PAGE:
Does Restricting Information make the Crowd Smarter?
Vineet Kumar
Yale University
Crowdsourcing has been widely used for fairly accurate information gathering, and digital technologies enlarge the scope. We examine how herding in crowdsourcing can arise based on how much information is made available to participants in such a cros setting. Using a randomized experiment with an aggregator of crowdsourced financial information, we investigate the causal impact of differential informational environments on overall quality and quantity of information. We find significant user heterogeneity i n how they respond to different designs, and evaluate strategies for how the value of crowdsourcing can be improved.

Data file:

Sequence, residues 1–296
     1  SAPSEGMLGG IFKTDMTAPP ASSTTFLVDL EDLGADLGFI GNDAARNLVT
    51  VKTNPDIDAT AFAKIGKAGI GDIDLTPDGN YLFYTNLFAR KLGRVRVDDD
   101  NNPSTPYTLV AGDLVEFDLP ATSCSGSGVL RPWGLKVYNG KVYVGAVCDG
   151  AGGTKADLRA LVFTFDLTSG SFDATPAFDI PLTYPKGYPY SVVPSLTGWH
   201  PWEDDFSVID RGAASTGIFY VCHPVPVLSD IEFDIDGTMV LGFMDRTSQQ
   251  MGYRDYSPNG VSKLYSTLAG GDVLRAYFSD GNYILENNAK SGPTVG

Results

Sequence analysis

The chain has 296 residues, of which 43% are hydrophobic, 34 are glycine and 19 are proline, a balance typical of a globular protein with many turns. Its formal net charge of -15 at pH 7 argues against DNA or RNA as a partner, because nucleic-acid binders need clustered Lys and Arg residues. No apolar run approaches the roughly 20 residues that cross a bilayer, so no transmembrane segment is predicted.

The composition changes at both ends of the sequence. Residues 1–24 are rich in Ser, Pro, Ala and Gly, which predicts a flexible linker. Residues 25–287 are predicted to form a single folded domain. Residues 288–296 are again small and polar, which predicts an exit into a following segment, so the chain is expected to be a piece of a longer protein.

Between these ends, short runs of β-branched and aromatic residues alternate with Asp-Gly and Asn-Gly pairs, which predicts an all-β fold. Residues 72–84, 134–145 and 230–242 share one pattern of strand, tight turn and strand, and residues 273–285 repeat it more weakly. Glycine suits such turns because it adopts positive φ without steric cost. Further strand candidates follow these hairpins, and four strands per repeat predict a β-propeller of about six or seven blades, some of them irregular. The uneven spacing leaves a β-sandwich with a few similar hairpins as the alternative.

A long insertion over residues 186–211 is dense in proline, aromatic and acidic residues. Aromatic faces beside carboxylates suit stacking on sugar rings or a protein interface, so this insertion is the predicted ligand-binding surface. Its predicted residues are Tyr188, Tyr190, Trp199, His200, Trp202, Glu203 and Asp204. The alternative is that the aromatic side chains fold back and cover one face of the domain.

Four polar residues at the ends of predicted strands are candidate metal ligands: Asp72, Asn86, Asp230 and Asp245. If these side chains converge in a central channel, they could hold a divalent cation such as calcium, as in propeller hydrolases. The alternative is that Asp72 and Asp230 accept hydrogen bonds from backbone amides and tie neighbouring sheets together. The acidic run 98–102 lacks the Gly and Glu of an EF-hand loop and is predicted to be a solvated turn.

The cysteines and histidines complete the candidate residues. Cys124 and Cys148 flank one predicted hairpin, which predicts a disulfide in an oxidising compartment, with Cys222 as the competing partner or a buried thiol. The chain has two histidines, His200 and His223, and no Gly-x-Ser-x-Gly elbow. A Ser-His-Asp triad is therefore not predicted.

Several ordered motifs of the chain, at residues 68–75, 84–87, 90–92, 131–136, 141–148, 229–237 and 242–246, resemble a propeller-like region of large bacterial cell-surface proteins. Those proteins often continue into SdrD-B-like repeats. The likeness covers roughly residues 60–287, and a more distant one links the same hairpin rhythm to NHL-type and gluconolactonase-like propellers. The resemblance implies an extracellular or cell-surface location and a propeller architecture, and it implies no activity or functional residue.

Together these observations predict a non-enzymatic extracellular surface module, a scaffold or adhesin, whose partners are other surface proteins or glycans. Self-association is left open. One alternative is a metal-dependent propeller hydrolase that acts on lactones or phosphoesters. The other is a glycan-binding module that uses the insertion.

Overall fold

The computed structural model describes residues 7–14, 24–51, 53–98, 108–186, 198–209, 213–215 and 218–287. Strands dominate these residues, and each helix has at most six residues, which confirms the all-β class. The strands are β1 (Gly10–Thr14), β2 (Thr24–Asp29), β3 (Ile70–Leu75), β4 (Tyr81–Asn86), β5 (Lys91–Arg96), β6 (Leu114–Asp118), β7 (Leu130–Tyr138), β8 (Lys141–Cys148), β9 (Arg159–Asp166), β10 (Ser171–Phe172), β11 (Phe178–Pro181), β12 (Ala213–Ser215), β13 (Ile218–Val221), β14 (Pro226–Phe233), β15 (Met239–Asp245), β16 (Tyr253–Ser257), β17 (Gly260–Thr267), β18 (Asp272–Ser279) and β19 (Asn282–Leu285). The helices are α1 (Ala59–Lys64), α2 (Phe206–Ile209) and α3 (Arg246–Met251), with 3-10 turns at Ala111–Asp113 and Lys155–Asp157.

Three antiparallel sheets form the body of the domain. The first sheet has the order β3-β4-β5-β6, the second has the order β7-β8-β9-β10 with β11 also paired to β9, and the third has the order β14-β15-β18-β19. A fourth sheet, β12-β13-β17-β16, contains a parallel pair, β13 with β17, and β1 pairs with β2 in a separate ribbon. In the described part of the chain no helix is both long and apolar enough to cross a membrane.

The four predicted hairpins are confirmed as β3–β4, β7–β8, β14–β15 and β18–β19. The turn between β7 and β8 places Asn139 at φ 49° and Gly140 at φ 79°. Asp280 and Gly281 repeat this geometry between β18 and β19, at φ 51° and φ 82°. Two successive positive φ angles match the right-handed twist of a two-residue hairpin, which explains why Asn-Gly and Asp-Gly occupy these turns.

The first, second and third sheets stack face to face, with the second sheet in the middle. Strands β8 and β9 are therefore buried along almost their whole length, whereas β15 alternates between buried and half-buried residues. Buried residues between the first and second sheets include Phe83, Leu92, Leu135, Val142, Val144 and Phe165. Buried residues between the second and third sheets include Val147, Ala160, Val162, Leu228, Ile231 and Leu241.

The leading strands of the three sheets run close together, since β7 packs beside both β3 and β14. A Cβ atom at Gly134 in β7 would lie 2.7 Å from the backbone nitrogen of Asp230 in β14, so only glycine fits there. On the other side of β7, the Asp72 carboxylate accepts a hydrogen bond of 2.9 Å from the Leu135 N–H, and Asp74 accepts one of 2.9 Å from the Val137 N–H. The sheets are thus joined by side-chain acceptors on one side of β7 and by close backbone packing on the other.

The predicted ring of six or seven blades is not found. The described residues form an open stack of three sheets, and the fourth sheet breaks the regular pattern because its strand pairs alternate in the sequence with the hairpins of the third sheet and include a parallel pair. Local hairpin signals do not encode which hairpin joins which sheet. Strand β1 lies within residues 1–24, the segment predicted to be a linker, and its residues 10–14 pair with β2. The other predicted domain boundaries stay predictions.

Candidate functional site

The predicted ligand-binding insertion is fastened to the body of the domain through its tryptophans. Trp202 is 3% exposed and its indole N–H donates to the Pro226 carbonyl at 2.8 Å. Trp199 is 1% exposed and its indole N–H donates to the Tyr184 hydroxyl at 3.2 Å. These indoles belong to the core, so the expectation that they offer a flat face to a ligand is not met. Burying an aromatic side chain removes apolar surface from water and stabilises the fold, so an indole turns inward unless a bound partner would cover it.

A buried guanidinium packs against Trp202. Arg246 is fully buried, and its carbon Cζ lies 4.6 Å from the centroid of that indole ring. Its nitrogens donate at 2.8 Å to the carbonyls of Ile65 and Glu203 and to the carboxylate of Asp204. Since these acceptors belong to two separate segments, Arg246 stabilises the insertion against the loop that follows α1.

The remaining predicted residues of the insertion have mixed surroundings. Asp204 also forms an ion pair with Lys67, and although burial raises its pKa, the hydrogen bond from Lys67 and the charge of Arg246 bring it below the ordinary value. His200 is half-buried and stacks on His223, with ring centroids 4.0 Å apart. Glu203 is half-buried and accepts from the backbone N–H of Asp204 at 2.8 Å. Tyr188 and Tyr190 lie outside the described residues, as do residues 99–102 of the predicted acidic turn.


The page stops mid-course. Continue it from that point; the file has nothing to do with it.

Vineet studies how firms should create and deliver value in digital products and services, and strategies firms should adopt in designing digital products. His research focuses on developing economic models using microfoundations-based structural economic and game theoretic models to understand consumer and firm behavior in markets for technology products and services. At Yale, he teaches an elective MBA elective class on Digital Strategy and a doctoral level course on Networks. He also directs industry collaborations and projects with companies through the Yale Center for Customer Insights. Vineet received his PhD from Carnegie Mellon University and holds an undergraduate degree in engineering from Indian institute of Technology, Madras.

Using phylogenetic methods to understand cultural variation in Australian Aboriginal societies
Duncan Learmouth
Durham University